December 13, 2017

Finding Monsters on the Ocean Surface

  • (Photo: TechWorks Marine)
  • (Photo: TechWorks Marine)
  • (Image: Teledyne)
  • (Image: Teledyne)
  • (Image: Teledyne)
  • (Image: Teledyne)
  • (Image: Teledyne)
  • (Photo: TechWorks Marine) (Photo: TechWorks Marine)
  • (Photo: TechWorks Marine) (Photo: TechWorks Marine)
  • (Image: Teledyne) (Image: Teledyne)
  • (Image: Teledyne) (Image: Teledyne)
  • (Image: Teledyne) (Image: Teledyne)
  • (Image: Teledyne) (Image: Teledyne)
  • (Image: Teledyne) (Image: Teledyne)

The study of extreme wave events in the ocean has become a popular area of research in recent years. Aside from seafarers, extreme waves impact coastal communities and are of great interest to marine renewable energy companies. This is particularly prevalent in the face of coastal erosion, rising sea levels and uncertainty in how the wave climate will change in a warming world. However, much of the current research is based on modeling and experiments. Extreme wave events – including storm waves, rogue waves, storm surges and tsunamis – are rare, and as such are difficult to observe and measure. Usually the wave categories are divided into two streams: long waves and short waves. Generally, the ratio of depth to wavelength is used as a parameter to differentiate between long and short waves. Tsunamis and storm surges are typically very long waves, so they are considered shallow water waves. Storm waves and rogue waves are much shorter in wavelength relative to ocean depth.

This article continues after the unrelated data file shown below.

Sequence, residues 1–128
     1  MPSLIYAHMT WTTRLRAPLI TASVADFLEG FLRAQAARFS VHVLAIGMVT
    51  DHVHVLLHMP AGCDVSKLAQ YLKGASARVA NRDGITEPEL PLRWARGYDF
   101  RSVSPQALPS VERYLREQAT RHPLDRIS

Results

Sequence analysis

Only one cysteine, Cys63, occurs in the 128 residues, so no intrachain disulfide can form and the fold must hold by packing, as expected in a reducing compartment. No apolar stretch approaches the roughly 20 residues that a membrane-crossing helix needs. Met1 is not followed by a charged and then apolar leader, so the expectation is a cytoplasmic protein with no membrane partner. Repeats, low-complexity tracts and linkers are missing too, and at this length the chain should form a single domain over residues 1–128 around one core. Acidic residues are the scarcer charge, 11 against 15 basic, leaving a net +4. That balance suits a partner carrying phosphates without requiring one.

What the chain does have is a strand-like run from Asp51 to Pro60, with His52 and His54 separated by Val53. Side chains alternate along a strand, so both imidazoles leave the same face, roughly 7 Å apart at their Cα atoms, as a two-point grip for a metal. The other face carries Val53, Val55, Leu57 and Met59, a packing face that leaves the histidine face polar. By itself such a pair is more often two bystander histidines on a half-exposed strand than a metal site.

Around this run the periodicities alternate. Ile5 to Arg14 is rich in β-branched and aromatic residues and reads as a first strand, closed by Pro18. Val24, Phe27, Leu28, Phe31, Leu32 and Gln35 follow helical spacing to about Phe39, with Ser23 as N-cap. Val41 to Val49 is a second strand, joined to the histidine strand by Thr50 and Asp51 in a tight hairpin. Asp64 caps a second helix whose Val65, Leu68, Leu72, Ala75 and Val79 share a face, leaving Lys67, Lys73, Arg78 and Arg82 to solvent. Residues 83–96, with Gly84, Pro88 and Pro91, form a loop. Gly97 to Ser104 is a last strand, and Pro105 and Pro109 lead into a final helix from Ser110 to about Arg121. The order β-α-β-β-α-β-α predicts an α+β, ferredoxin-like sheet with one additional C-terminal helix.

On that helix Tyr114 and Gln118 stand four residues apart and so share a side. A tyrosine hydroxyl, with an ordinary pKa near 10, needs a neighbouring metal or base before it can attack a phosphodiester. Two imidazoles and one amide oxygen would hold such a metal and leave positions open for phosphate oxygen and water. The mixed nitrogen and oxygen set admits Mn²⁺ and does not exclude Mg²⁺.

The west coast of Ireland is a perfect location to observe extreme waves, especially when it comes to storm waves and rogue waves. Indeed, Atlantic swells propagate eastward toward the coastline of Ireland. Depressions from the Atlantic regularly bring very unsettled weather across Ireland. A few weeks ago, post-tropical cyclone Ophelia towered waves to the coast of Ireland, with a number of record breaking wave heights. 
 
Definition of rogue waves: Oceanographers describe the sea state with a statistical measure called the significant wave height. This is the average height of the one-third highest waves. A rogue wave is one that is more than double the significant wave height. Rogue waves are sometimes called freak waves, but this is misleading: although they are rare and extreme, rogue waves are part of the normal behavior of the oceans.
 
Ocean wave measurement usually uses spectral approaches developed in the 1950s. Surface waves are recorded with a fixed length time series (usually 20 minutes) from which are derived nominal wave spectra. Hardware is based on wave staffs, wire gauges, buoys or underwater acoustic sensors, but device cost means that measurements are made at a single point. These existing techniques have deficiencies: (i) many of the most dangerous wave classes on the ocean either cannot be measured at all or are inaccurately recorded because of sampling deficiencies; (ii) existing wave buoys cannot reliably measure processes such as wave breaking or rogue waves which are all better characterized as instantaneous phenomena and which do not appear in average wave spectra; (iii) sensor cost precludes wide area deployment and inhibits measurement of full spatio-temporal wave evolution dynamics. Buoys only measure accelerations, and a double integration provides displacement. Also, the buoy sensor in the case of a usual Datawell is gimballed in the buoy and can produce spurious large values if the buoy is rotated. Satellite measurements (altimetry) only provide significant wave heights.